David Hume

There is something heroic about David Hume single-mindedly batttling away to enquire into human knowledge and question the existence of God (in the eighteenth century). His theory of cause and effect is counter-intuitive and takes some reflection to really understand. As Jeremy Neil says, he doesn’t deny the ‘idea’ we all have that one thing causes another; he just points out that there is no sensory or empirical evidence to prove causation. This is typical philosophical thinking; it is thinking about thinking really and questioning appearances.

However, as my poem light-heartedly shows, I am a little sceptical about his scepticism! Blake named Bacon, John Locke and Newton as the Satanic Trinity and he didn’t think much of Hume either. He objected to their extreme scepticism and wrote a poem with these lines: If the sun and moon would doubt, they would immediately go out!

Apparently, Hume was even tempered and was also serene and uncomplaining on his death-bed.

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David Hume’s Apple (not Newton’s)

 

It exists; he’ll not deny (one among five).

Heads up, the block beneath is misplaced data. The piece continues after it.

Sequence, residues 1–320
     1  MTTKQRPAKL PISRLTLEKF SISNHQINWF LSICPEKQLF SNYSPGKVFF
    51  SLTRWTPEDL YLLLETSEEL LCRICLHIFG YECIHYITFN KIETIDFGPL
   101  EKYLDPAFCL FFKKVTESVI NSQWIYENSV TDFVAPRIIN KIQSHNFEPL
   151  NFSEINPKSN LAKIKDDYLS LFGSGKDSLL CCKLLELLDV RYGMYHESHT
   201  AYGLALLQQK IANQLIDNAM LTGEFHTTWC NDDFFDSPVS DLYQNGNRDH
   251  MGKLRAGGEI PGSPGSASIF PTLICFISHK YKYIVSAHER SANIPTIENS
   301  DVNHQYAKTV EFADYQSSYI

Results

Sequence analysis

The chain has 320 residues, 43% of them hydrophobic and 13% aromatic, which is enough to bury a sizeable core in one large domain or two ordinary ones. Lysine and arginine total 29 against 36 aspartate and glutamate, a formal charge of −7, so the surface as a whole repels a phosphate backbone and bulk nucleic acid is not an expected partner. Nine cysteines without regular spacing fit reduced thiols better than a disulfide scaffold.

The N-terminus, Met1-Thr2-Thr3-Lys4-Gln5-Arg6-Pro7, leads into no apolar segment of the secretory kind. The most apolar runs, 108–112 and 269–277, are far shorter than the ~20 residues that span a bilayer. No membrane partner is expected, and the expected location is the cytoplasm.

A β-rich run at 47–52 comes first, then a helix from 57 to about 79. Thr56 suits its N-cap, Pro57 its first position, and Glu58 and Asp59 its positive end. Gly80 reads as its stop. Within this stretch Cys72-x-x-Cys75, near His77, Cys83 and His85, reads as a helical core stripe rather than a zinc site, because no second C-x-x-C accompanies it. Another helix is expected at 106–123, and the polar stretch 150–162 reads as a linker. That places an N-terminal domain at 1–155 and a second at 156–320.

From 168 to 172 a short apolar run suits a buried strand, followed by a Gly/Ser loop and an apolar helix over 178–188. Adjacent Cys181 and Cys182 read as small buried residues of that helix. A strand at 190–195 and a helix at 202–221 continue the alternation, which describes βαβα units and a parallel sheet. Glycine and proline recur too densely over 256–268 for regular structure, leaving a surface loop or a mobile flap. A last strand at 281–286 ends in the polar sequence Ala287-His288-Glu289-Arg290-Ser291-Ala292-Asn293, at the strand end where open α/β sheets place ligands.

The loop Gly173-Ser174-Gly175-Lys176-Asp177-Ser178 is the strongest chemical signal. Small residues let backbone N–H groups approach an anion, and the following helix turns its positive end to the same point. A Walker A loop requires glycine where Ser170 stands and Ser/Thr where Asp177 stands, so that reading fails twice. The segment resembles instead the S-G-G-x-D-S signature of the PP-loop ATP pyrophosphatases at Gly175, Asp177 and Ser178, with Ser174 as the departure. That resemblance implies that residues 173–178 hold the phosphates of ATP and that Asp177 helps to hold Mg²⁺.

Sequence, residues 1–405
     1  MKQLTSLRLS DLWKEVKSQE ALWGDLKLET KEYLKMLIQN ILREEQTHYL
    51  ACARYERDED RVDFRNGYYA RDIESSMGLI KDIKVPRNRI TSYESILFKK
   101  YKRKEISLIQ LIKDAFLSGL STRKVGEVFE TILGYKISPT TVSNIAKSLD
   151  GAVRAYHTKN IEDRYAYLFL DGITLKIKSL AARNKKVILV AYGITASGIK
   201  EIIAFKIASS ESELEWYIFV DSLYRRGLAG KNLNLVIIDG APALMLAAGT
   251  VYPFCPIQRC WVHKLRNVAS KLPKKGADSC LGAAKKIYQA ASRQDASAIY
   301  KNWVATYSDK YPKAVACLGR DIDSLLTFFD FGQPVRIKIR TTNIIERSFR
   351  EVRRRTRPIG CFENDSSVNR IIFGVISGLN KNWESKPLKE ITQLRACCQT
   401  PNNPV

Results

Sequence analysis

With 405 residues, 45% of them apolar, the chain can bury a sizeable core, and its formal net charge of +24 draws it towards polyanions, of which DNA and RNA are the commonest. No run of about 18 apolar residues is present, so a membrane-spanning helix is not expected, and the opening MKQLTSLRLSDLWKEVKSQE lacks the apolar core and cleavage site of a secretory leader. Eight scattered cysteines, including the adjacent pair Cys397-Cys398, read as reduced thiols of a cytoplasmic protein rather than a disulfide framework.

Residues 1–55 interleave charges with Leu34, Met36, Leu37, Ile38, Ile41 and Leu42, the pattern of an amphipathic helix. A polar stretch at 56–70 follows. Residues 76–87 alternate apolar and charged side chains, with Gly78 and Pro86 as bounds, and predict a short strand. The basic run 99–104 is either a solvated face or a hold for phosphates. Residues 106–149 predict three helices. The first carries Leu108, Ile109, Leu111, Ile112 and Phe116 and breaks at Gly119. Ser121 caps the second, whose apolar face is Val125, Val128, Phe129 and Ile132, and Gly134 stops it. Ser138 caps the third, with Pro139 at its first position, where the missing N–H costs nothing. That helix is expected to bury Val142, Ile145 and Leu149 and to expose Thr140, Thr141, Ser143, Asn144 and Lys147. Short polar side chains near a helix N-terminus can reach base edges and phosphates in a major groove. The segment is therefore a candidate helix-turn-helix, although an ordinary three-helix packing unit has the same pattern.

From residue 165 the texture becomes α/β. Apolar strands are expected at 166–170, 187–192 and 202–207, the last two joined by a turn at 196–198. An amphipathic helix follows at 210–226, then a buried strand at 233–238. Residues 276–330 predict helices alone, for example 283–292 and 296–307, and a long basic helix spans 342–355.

It’s even conjoined to two (at least) events:

One, seeing it; two, desiring it.

Hey presto; one minute it’s resting in a bowl,

the next it’s in my tum – (yum, that’s better!).

The principle of custom and habit can of course

explain the non-effect of my non-causal appetite,

the non-effect of my tongue moving up and back,

the non-effect of my epiglottis closing off my trachea,

the non-effect of salivation, juices flowing

(even the blending of non-causes and non-effects in the mind of God!)

and the non-effect of my non-swallowing oesophagus muscles

to deliver the ripe fruit into my stomach (secret powers?).

There’s a necessary connection (all in the mind?)

between my appetite, will, instinct, motion and gratification.

Can you stomach that? Bon appetite!

 

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